Back in the day (around the 1900s), people used to colorize black and white photographs using a technique known as Autochrome Lumiere, which is an additive-color mosaic screen plate process. The medium uses a glass plate coated on one side with a random mosaic of microscopic grains (made from potatoes), which were dyed red-orange, green, and blue-violet, and act as a color filter.
Anfractuosity managed to get his hands on an Eizo B&W monitor, which he intended to use to view black and white photos, and wondered if he could replicate the Autochrome Lumiere process to produce a color image. To do so, he utilized a cheap USB microscope to take an image of the LCD display pixels and found each had four sub-pixel elements. He then used the image to create a red/green/blue PDF that measures 433.1mm x 324.8mm.
Anfractuosity went on to make three PDFs, with one where each element is represented by one pixel from the display, another represented by 2 x 2 pixels, and a third represented by 4 x 4 pixels. He eventually used the second PDF (2 x 2) to create a Bayer pattern printed on acetate film. The film was then positioned over the display to transform black and white images (in this case, the movie Up) into color, or semi-color at any rate.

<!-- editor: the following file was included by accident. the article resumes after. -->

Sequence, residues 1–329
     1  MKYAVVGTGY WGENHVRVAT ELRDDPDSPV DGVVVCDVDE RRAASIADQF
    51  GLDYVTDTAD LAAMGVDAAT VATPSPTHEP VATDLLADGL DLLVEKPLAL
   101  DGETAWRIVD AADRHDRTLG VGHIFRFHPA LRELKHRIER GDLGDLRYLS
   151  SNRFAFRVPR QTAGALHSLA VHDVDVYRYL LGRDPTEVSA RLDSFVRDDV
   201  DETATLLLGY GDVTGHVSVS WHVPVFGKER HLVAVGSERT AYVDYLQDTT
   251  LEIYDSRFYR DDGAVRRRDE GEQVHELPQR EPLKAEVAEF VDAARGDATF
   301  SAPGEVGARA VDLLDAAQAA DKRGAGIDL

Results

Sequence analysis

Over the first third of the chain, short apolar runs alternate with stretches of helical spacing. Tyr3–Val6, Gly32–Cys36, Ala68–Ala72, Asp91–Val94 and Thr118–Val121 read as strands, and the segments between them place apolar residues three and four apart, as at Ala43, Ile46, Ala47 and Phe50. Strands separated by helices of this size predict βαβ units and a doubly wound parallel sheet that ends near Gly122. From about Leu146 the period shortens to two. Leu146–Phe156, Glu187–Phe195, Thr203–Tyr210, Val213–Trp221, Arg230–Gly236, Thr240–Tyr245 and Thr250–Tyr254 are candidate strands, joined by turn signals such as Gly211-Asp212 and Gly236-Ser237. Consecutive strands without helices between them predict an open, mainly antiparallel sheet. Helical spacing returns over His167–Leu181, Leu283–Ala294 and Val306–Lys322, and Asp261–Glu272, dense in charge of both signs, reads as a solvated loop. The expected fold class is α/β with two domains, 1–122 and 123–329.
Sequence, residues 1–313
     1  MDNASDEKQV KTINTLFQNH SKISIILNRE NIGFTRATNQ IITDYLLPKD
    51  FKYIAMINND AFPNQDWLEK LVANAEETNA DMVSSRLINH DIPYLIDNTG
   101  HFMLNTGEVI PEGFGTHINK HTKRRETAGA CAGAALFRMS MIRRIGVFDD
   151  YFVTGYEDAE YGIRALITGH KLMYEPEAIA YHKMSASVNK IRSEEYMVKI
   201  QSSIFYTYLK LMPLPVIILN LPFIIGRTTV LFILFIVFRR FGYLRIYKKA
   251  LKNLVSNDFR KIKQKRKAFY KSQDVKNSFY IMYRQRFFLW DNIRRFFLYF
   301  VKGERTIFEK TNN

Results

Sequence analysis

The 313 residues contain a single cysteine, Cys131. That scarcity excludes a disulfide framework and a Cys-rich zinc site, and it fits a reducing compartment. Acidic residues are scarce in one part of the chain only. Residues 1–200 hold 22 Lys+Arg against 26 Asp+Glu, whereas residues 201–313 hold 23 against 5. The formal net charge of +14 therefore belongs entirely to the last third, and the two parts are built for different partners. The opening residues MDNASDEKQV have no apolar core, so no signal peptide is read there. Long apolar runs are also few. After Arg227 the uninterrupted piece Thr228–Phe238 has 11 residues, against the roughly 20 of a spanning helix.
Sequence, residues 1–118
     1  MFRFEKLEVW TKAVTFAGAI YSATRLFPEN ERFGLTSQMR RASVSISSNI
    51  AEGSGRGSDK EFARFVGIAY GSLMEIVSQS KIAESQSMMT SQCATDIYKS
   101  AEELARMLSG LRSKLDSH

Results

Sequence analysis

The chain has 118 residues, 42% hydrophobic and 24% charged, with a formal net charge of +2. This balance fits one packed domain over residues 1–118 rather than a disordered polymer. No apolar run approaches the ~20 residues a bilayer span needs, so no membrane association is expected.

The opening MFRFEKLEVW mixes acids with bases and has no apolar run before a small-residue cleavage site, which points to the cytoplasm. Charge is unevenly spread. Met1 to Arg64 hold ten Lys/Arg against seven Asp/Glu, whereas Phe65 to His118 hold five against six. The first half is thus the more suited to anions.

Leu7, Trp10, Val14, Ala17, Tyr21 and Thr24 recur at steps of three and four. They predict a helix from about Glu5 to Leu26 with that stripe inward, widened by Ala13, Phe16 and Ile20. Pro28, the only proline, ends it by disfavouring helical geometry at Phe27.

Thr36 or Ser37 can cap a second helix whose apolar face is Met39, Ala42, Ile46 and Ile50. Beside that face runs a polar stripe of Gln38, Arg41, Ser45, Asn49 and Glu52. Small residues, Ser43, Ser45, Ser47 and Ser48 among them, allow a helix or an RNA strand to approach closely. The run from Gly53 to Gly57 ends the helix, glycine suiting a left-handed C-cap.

His process works by taking a pixel from a color image, breaking it down into four grey elements, and then uses the acetate overlay to generate a color image. It’s not quite the same as the Autochrome Lumiere method, but it isn’t bad either.
For those interested, Anfractuosity provides a walkthrough of his Rainbow colorization method on his project blog.